So I am off today, and I decided to contribute to this forum be taking an hour or two to type this up. I've already added the "Typical Day of a Linedriver" thread a few months back. This time I want to focus on the actual LTL structure and process and explain to the rest of everyone else that may not be familiar with it. This thread is strictly informative. We got some senior members within our LTL folder (ACH1130, CenturyClass, Jakebrake12, Marksteven, and even this old retired dude named Big Don) that contribute regularly to this folder. So if I get something wrong, I expect you guys to be obligated to correct me so I am not feeding out inaccurate information. I will use personal experience and real-life examples to explain things in laymen's terms.
End of Introduction.
So LTL is a unique industry within the trucking industry. What we have in common with our OTR counterparts is this: we are required to hold a Class A CDL, valid medical card, logbooks (in many cases), and we move freight. Those are the key similarities to our job description and requirements. Minor differences between LTL and OTR would be additional endorsements we would need on our CDL (double/triples, tankers, and more often than not, HazMat). Many LTL carriers DO require prior experience of some sort, but it may surprise you how many areas will pull recently graduated recruits or promote dock workers in order to make things happen.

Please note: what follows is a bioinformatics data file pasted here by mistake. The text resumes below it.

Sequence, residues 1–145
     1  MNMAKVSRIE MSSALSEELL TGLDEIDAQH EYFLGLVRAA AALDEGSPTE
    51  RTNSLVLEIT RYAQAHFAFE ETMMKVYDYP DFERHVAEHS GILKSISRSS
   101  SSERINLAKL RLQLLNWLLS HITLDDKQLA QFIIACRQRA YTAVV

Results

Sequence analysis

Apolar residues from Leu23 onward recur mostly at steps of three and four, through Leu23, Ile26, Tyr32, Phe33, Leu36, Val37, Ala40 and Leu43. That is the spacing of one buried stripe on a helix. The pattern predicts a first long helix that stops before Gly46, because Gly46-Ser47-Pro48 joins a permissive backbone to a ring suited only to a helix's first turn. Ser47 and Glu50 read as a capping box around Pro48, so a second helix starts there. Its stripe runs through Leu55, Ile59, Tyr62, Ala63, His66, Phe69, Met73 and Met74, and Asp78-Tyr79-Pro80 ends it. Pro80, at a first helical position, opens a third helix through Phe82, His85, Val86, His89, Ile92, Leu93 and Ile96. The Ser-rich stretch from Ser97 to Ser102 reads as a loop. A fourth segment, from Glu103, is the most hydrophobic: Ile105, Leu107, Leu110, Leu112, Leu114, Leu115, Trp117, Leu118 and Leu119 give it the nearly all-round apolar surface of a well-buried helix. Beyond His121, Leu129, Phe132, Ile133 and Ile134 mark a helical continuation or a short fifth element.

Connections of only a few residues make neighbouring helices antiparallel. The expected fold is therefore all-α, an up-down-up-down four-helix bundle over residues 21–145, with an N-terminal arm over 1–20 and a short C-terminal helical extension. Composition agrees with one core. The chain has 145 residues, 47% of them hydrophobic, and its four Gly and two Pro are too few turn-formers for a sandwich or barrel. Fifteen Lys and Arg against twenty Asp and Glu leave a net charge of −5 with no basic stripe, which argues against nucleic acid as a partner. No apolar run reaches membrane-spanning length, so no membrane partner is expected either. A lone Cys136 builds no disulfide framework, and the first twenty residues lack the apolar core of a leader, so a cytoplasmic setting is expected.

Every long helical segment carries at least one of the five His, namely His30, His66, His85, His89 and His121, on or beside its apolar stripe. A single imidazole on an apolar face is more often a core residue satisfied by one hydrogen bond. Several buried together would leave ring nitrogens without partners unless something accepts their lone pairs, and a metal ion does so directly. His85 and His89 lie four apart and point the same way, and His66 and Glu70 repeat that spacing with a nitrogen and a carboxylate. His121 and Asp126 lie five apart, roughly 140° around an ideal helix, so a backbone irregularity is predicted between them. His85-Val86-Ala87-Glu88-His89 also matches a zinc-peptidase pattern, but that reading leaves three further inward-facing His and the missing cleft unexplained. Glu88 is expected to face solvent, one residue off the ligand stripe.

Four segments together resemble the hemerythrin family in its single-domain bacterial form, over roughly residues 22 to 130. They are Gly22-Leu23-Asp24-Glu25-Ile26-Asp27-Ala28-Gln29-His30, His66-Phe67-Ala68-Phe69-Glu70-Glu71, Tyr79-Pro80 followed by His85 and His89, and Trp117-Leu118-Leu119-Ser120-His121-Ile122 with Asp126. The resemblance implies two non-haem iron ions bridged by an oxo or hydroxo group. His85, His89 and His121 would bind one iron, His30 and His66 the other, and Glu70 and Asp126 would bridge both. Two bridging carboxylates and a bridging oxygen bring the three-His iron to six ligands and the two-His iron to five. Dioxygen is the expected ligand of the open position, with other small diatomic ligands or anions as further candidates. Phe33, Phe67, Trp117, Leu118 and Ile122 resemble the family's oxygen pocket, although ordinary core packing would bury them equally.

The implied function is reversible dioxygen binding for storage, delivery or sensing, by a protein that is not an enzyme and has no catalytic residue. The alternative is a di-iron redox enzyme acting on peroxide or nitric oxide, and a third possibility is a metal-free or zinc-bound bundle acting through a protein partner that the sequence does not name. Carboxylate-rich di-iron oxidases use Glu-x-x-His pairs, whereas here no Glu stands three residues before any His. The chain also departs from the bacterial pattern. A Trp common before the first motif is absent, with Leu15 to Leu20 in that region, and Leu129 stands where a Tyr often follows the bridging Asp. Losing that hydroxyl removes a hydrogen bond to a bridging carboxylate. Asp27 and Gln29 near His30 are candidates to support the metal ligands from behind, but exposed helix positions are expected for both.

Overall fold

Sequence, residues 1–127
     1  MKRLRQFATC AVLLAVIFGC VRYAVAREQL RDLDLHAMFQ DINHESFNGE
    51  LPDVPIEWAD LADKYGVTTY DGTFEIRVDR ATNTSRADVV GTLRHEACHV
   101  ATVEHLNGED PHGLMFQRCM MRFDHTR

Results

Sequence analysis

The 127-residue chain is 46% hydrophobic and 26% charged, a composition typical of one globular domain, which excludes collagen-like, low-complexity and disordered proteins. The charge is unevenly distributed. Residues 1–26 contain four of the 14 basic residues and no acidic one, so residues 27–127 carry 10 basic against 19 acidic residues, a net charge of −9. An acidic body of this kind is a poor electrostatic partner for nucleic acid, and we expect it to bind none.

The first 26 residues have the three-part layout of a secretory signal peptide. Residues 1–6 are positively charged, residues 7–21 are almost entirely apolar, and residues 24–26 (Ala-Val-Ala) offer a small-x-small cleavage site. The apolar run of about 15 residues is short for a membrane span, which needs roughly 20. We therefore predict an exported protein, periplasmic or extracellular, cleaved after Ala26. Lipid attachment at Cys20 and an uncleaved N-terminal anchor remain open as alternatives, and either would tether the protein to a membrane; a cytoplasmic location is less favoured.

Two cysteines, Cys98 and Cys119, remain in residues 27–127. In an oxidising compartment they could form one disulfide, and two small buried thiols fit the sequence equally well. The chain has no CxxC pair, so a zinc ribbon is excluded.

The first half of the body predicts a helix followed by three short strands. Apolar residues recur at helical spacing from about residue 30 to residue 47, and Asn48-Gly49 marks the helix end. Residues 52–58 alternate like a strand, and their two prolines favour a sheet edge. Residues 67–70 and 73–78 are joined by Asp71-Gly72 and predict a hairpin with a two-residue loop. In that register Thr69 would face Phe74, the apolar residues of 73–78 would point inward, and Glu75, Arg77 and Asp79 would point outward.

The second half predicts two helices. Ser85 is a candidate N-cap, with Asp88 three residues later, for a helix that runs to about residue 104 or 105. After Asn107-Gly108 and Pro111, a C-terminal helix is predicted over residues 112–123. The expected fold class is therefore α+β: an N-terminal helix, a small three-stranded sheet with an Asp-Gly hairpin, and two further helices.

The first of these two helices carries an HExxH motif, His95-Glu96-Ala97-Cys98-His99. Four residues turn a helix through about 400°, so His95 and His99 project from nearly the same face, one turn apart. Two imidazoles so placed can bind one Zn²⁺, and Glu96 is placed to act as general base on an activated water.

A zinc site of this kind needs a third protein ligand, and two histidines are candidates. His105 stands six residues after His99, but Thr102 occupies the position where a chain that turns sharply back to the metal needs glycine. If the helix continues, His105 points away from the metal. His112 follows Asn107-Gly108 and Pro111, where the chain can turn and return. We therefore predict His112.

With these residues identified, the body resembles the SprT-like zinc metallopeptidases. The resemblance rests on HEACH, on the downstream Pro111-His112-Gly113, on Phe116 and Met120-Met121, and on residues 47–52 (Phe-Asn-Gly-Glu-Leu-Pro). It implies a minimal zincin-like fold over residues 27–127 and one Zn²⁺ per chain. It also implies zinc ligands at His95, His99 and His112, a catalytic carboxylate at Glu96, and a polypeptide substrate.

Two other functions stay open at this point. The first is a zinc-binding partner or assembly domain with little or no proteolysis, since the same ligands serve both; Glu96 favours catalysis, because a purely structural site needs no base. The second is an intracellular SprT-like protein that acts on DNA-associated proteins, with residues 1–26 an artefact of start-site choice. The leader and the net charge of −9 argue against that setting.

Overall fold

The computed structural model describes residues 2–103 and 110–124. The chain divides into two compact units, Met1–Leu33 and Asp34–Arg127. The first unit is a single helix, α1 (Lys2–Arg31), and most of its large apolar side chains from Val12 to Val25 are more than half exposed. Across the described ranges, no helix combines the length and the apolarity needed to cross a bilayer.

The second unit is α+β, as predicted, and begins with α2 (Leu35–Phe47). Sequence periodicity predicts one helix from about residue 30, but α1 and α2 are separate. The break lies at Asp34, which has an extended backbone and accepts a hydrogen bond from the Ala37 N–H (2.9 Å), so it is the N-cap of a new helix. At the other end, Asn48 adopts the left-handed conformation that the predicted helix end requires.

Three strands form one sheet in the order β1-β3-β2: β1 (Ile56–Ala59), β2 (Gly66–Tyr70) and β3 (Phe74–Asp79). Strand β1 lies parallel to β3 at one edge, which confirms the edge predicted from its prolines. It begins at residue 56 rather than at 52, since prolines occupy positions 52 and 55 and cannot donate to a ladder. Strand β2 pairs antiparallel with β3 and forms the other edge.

Major differences would be # of hours worked, the way we are paid, the way we do business vs everyone else.
LTL carriers are unique because we do not send an entire tractor/trailer/driver(s) to a shipper, and dedicate this combo for a single run. Over-the-road driver will usually start their run by picking up an entire truckload at a given place, and then move that specific freight to a receiver. They will then zig-zag the entire country to get their job accomplished. Some of OTR runs can last days... even weeks with multiple pick-ups/deliveries. LTL does things quite differently.
Key advantages to using LTL vs a mega carrier are these:
You are shipping the piece of freight at the fraction of a cost vs hiring an entire truckload (remember, you are only shipping one or a few pieces, not a truckload).